Some recent discussion in the WatchMeCode slack spawned a bit of research into creating custom errors through factory methods, while keeping the stack trace for those errors clean, in Node.js After a bit of digging, I found a good solution using Node’s Error.captureStackTrace method, and recorded a quick screencast to highlight it’s use.
In the previous episode, the Keen.io code for the analytics service was moved into a separate process using RabbitMQ. Toward the end of the episode, however, there were a number of issues that we ran into – most notably was an error in syntax not being reported correctly. In this episode, you’ll see the root […]
Working with errors and stack traces in your development environment is fairly simple. You probably have a console window open and are looking at the errors as they happen. You read the stack trace, look at the code that failed and fix the bug, because you’re working with the application right now. But what happens […]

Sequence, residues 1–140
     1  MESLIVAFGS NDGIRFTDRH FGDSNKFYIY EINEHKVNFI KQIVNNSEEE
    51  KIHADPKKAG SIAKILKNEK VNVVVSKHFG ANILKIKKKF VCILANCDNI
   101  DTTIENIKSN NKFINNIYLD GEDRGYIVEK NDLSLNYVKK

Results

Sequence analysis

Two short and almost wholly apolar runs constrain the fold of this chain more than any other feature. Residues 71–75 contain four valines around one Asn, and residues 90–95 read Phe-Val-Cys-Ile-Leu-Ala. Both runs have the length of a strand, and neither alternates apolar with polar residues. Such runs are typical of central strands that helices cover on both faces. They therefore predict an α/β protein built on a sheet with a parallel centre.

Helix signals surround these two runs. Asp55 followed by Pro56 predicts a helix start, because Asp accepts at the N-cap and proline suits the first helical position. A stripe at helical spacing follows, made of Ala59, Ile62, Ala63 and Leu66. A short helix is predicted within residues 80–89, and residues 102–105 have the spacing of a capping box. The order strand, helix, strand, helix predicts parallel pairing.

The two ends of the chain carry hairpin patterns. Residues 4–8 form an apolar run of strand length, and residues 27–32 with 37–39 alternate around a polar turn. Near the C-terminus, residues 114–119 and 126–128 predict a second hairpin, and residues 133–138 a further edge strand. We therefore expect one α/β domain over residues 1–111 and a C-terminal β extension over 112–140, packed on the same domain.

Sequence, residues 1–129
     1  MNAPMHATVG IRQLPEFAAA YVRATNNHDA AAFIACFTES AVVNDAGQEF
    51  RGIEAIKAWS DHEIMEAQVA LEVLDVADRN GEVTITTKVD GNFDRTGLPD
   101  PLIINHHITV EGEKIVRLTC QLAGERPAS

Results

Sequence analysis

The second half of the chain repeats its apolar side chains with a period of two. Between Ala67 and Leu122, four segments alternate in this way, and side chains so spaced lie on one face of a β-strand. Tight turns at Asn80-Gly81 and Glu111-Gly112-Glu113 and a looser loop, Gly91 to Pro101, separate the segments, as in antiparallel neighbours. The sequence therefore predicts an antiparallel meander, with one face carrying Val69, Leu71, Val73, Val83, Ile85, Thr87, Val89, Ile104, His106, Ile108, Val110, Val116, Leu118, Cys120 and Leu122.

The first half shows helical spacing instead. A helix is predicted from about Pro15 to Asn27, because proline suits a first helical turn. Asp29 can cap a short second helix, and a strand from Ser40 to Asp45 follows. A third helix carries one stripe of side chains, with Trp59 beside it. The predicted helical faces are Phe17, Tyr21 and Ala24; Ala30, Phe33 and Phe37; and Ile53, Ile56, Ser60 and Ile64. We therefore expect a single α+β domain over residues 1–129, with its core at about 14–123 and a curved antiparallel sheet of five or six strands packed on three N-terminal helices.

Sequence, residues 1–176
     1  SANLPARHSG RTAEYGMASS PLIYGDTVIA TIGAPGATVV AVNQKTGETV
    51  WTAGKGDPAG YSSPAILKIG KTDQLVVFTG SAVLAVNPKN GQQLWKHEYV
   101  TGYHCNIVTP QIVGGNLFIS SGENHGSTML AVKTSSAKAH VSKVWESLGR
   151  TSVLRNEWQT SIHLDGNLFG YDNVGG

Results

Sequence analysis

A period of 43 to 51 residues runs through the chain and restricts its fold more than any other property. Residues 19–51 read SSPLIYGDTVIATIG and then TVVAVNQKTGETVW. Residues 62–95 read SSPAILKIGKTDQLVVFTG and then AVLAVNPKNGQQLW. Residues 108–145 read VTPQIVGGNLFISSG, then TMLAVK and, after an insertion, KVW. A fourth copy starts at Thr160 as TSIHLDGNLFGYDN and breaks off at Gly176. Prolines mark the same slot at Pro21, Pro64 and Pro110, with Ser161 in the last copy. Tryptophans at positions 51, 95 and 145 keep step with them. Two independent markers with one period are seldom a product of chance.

In this interview, Derick talks to Aria Stewart, a software developer formerly at PayPal on the Kraken.js team. They delve into her talk, “Design for Retry: Microservices, REST, message busses and why idempotency is the only way to scale,” that she gave at Nodevember 2015 to discuss message queuing with services like RabbitMQ and Gearman.
Now that you have your application split out in to services, communicating through RabbitMQ, you need to know how to handle errors in the back-end code. What happens when the code throws an error and the processes crashes? How do you recover from that? With RabbitMQ, this is easier than you might think. And by […]
Error handling is an important part of any application. You don’t always want the application to just crash. Sometimes you want to be a little more graceful than that. This is true of any app – web or otherwise – including Express apps. Fortunately, Express provides a rather unique and very powerful way of handling […]